July 2019
Volume 60, Issue 9
Free
ARVO Annual Meeting Abstract  |   July 2019
Quantitative Analysis of Mosaic Nerve Fiber Length Density (mCNFL) in the Corneal Sub-basal Layer in Type 2 Diabetes (T2DM), based on Analysis of Region of Interest (ROI)
Author Affiliations & Notes
  • Reza A Badian
    Faculty of Visual and Health Sciences, University of South-Eastern Norway, Norway
  • Tor Paaske Utheim
    Department of Medical Biochemistry, Oslo University Hospital, Oslo, Norway
    Department of Plastic and Reconstructive Surgery, Oslo University Hospital, Oslo, Norway
  • Neil S Lagali
    Department of Ophthalmology, Linkoping University, Sweden
  • Footnotes
    Commercial Relationships   Reza A Badian, None; Tor Utheim, None; Neil Lagali, None
  • Footnotes
    Support  None
Investigative Ophthalmology & Visual Science July 2019, Vol.60, 2111. doi:https://doi.org/
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      Reza A Badian, Tor Paaske Utheim, Neil S Lagali; Quantitative Analysis of Mosaic Nerve Fiber Length Density (mCNFL) in the Corneal Sub-basal Layer in Type 2 Diabetes (T2DM), based on Analysis of Region of Interest (ROI). Invest. Ophthalmol. Vis. Sci. 2019;60(9):2111. doi: https://doi.org/.

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      © ARVO (1962-2015); The Authors (2016-present)

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Abstract

Purpose : To investigate whether analysis of limited area of the corneal sub-basal plexus in a standardized anatomic location can be used as a surrogate for whole plexus nerve analysis in type 2 diabetes.

Methods : A total of 82 subjects, consisting of both healthy subjects and patients with T2DM were recruited. The central cornea in both eyes of study subjects (163 eyes) was imaged by in vivo confocal microscopy using Heidelberg HRT 3 with Rostock cornea module. IVCM images from the sub-basal layer of central cornea were analysed with respect to the sub-basal nerve length density both in the whole of mosaic image and also in a limited area of the mosaic represented by a ROI characterised by a specific length and width (1000 um x 650 um) located superiorly to the centre of the whorl in the mosaics, by cropping and nerve density analysis using image J.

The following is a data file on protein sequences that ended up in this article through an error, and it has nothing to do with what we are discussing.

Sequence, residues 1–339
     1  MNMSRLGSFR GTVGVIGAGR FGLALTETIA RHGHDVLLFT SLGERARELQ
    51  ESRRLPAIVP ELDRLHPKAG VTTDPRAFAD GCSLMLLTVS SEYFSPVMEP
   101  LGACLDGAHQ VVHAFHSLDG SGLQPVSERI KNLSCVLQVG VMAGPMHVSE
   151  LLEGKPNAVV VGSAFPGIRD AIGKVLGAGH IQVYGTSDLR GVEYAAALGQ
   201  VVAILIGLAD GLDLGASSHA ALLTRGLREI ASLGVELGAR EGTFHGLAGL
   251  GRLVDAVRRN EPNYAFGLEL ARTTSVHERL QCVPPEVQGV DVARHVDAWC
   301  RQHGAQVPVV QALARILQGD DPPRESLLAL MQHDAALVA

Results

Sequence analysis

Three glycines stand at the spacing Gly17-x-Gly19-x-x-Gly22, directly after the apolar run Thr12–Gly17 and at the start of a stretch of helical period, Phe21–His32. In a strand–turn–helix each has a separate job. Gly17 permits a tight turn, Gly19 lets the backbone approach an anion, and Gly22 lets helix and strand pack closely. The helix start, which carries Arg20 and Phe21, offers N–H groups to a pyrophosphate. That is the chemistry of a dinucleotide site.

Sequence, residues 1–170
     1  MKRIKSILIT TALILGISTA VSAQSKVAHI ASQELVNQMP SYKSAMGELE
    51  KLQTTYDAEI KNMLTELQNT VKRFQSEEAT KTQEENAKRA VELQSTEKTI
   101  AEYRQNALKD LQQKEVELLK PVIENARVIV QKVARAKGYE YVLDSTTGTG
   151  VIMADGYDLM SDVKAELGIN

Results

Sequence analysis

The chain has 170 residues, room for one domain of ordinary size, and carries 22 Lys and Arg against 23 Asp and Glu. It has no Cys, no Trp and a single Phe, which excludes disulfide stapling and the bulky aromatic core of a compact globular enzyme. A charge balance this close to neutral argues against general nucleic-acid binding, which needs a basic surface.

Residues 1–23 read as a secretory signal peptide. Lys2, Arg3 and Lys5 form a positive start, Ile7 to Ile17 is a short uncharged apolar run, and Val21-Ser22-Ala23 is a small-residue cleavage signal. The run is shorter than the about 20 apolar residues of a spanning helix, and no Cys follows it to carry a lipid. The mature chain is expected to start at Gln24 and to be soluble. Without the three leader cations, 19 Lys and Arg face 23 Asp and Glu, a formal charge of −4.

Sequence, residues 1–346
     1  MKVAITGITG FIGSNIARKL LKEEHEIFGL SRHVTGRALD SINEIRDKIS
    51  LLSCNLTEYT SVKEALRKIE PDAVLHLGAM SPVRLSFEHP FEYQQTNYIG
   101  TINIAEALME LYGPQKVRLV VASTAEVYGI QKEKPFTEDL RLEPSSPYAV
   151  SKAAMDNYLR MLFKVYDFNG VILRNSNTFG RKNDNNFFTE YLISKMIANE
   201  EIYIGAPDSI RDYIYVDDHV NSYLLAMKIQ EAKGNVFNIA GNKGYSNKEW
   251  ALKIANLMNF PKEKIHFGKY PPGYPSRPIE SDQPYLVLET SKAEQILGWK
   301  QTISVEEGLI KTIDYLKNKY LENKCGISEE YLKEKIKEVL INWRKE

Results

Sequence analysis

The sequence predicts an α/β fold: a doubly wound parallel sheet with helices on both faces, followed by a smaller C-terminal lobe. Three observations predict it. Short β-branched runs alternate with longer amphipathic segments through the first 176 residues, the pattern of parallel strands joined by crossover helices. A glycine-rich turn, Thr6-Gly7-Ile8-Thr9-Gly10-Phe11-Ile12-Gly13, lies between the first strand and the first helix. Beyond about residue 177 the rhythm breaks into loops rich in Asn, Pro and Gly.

Results : Average size of mosaics was 6.0 mm2. Nerve length density was measured for whole mosaic images (mCNFL) and for cropped images (roiCNFL). The whole cohort consisted of several subgroups including normal subjects and patients with type 2 diabetes (duration > 10 yrs).
The analysis of the cropped region was performed with respect to the total nerve density, main nerve density and inter-nerve-distance. The analysis of the cropped regions indicated different results for the total nerve density in the cropped regions vs. full mosaics. Nevertheless, we found the same trend in the results of the main nerve density in the subgroups of the cohort across healthy, short- and long-term diabetes groups, as in the results achieved by full mosaic analysis. Other nerve analysis parameters in the cropped regions (ROIs) such as main nerve density and inter-nerve distance may provide a faster method of analysis, potentially useful for application in the clinical setting.

Conclusions : The results of roiCNFL reflect the same tendency as mCNFL with respect to nerve degeneration in T2DM.
This study indicates the utility of the ROI method in measuring the nerve density in a fixed anatomical area as a potential alternative to full plexus analysis. Such an alternative could save time and speed the process of analysis in a clinical setting. This may help transition this procedure from bench to bedside in diagnosis and follow-up of small fiber peripheral neuropathy in diabetic patients and similar conditions.

This abstract was presented at the 2019 ARVO Annual Meeting, held in Vancouver, Canada, April 28 - May 2, 2019.

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